CloudFormation is used to automate deployment of every environment.
Beside AWS and JIRA, GitLab is used as Code Management and Deployment tool.
At the beginning, no clear processes or conventions were shared between the teams of developers, making the time for a developer to be efficient when switching teams quite long.
The first step was to implement a common branch flow and commit convention. The commit convention is a slightly tweaked version of AngularJS convention :
A pre-receive hook was created on GitLab which check that each commit sent to the server follow the rules (ensure that the commit message is following the standard set, and the committer email address is from a account on the server).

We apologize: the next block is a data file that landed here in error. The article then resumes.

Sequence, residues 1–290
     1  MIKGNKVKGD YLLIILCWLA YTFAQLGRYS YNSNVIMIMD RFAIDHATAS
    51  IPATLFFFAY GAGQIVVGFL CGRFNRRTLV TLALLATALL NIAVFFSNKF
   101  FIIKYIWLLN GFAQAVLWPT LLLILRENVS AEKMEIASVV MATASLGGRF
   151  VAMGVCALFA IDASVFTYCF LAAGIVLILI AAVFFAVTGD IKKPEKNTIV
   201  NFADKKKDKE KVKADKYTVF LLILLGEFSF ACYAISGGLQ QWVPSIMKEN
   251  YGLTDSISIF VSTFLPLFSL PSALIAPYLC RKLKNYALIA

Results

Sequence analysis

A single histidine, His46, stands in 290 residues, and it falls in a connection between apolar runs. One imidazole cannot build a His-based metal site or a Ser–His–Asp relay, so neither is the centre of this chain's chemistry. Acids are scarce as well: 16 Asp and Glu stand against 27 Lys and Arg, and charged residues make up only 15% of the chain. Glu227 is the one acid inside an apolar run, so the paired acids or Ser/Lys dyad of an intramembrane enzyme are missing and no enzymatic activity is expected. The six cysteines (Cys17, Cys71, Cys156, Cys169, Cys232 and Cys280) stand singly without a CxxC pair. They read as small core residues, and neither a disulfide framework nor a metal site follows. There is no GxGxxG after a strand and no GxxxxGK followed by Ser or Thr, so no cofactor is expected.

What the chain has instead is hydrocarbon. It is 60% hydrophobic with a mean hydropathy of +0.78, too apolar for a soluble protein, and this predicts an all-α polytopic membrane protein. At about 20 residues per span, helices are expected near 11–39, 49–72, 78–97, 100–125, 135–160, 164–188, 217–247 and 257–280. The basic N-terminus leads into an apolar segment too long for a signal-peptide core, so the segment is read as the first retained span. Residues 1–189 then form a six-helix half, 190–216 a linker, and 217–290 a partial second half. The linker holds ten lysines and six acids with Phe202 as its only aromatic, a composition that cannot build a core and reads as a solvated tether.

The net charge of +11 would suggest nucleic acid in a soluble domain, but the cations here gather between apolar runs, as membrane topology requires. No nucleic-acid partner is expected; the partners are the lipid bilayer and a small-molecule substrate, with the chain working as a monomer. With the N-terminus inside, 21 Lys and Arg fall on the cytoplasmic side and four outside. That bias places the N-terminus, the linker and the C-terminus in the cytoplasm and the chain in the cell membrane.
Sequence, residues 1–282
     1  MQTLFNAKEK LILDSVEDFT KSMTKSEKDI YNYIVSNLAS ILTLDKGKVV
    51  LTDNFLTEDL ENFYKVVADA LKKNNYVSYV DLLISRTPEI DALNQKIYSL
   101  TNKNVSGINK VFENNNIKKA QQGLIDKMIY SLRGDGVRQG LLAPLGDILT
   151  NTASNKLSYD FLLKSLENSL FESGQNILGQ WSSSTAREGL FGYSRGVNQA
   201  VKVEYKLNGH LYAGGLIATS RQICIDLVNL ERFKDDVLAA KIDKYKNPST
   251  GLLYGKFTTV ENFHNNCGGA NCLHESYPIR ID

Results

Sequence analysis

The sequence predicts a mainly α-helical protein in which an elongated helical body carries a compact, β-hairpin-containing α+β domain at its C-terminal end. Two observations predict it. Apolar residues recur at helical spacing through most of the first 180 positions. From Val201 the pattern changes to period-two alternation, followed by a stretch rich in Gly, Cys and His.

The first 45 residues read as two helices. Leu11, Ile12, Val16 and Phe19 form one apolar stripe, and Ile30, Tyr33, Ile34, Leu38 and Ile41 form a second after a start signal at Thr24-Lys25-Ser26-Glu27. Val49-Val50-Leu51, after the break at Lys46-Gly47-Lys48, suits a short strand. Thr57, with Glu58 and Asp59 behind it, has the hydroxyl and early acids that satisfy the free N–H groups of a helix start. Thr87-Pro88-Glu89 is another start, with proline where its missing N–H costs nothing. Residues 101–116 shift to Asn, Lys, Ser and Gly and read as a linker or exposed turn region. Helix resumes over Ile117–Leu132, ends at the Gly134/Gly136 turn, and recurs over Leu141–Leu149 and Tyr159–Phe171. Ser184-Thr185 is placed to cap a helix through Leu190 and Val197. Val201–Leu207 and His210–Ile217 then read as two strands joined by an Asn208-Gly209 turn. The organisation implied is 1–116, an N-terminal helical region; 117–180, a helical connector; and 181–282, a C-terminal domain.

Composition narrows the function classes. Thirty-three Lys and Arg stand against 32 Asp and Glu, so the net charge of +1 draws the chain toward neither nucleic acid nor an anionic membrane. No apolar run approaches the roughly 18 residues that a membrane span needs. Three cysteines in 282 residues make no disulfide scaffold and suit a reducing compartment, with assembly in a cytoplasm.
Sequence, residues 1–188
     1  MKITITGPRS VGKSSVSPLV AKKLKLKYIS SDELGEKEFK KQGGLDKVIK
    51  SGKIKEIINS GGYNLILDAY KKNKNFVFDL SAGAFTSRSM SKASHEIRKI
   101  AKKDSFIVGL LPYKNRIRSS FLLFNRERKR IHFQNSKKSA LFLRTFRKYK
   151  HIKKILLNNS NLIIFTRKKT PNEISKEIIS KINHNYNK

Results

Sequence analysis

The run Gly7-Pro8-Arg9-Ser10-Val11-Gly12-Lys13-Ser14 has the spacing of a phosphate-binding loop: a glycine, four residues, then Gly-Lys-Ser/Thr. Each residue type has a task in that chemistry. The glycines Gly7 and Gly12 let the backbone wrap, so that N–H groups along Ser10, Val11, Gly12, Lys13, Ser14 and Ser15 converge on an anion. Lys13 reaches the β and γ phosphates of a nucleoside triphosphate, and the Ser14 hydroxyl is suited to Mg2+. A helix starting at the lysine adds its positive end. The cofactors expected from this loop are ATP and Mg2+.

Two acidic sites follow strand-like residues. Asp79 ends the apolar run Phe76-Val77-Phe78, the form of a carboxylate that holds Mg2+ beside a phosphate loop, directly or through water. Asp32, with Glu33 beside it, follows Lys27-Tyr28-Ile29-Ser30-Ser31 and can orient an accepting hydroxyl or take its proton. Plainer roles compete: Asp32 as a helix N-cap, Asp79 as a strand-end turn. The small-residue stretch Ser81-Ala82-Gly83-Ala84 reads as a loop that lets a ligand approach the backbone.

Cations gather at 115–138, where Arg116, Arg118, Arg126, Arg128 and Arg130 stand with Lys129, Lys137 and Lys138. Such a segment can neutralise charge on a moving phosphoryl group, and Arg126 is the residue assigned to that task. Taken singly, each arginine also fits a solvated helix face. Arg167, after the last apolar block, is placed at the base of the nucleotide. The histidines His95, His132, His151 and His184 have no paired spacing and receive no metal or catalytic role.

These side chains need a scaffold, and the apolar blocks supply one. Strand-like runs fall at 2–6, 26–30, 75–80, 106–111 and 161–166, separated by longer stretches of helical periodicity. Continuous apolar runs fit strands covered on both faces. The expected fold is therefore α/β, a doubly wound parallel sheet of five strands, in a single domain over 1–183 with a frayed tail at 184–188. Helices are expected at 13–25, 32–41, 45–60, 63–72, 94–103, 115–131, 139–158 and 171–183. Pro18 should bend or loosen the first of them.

Note : GitLab now natively offers these checks through push rules , we are in the process of migrating to it.
As for the branch flow, it is quite simple, each feature needs to be developed on a short-lived branch and its code needs to be reviewed by at least one person before merging it back to the main branch through merge requests.
Building is usually compiling/minifying code using tools such as webpack or creating Docker images. Gitlab CI is used to automate this :
To be certain that the applications that are released have a code base which is stable, maintainable and easy to read, some standards and tools were implemented : Linters and SonarQube.
Each time a commit is sent to GitLab, the code is automatically tested and sent to SonarQube to detect code smells, bugs or duplicate code.
If the code coverage is not at least 80% and the quality gate is not passed, the code will not be deployed on the infrastructure.